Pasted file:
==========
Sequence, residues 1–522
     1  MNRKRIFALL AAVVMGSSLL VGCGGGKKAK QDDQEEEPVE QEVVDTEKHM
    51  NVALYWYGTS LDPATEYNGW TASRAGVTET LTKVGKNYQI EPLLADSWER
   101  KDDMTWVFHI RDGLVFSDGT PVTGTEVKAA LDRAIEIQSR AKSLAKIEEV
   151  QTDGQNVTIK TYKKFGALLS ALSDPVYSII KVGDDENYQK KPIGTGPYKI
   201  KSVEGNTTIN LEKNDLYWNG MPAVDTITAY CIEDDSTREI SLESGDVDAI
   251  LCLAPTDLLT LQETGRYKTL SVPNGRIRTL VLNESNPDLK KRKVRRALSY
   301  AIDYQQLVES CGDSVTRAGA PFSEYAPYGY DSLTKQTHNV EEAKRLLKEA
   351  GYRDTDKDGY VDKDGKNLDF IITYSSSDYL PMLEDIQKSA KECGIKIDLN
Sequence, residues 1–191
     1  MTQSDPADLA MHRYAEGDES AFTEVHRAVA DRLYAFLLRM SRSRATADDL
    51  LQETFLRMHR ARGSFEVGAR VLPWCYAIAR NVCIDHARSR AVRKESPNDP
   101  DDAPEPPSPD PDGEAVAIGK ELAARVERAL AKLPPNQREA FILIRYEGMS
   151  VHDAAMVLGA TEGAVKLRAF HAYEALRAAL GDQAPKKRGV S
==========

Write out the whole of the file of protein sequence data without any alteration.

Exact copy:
Sequence, residues 1–522
     1  MNRKRIFALL AAVVMGSSLL VGCGGGKKAK QDDQEEEPVE QEVVDTEKHM
    51  NVALYWYGTS LDPATEYNGW TASRAGVTET LTKVGKNYQI EPLLADSWER
   101  KDDMTWVFHI RDGLVFSDGT PVTGTEVKAA LDRAIEIQSR AKSLAKIEEV
   151  QTDGQNVTIK TYKKFGALLS ALSDPVYSII KVGDDENYQK KPIGTGPYKI
   201  KSVEGNTTIN LEKNDLYWNG MPAVDTITAY CIEDDSTREI SLESGDVDAI
   251  LCLAPTDLLT LQETGRYKTL SVPNGRIRTL VLNESNPDLK KRKVRRALSY
   301  AIDYQQLVES CGDSVTRAGA PFSEYAPYGY DSLTKQTHNV EEAKRLLKEA
   351  GYRDTDKDGY VDKDGKNLDF IITYSSSDYL PMLEDIQKSA KECGIKIDLN
Sequence, residues 1–191
     1  MTQSDPADLA MHRYAEGDES AFTEVHRAVA DRLYAFLLRM SRSRATADDL
    51  LQETFLRMHR ARGSFEVGAR VLPWCYAIAR NVCIDHARSR AVRKESPNDP
   101  DDAPEPPSPD PDGEAVAIGK ELAARVERAL AKLPPNQREA FILIRYEGMS
   151  VHDAAMVLGA TEGAVKLRAF HAYEALRAAL GDQAPKKRGV S